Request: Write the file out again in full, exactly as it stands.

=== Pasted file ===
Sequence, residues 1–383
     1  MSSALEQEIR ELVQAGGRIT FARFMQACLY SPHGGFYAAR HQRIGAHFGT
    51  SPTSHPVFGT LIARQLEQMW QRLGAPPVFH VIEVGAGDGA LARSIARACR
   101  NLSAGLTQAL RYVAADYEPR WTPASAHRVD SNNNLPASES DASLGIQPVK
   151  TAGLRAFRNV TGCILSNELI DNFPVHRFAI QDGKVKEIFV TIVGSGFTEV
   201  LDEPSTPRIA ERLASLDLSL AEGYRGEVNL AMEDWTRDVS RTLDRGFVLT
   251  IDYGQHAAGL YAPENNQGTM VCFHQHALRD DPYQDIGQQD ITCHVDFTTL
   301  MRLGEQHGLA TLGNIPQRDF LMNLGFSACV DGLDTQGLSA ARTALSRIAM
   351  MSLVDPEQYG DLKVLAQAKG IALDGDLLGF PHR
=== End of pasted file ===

Sequence, residues 1–383
     1  MSSALEQEIR ELVQAGGRIT FARFMQACLY SPHGGFYAAR HQRIGAHFGT
    51  SPTSHPVFGT LIARQLEQMW QRLGAPPVFH VIEVGAGDGA LARSIARACR
   101  NLSAGLTQAL RYVAADYEPR WTPASAHRVD SNNNLPASES DASLGIQPVK
   151  TAGLRAFRNV TGCILSNELI DNFPVHRFAI QDGKVKEIFV TIVGSGFTEV
   201  LDEPSTPRIA ERLASLDLSL AEGYRGEVNL AMEDWTRDVS RTLDRGFVLT
   251  IDYGQHAAGL YAPENNQGTM VCFHQHALRD DPYQDIGQQD ITCHVDFTTL
   301  MRLGEQHGLA TLGNIPQRDF LMNLGFSACV DGLDTQGLSA ARTALSRIAM
   351  MSLVDPEQYG DLKVLAQAKG IALDGDLLGF PHR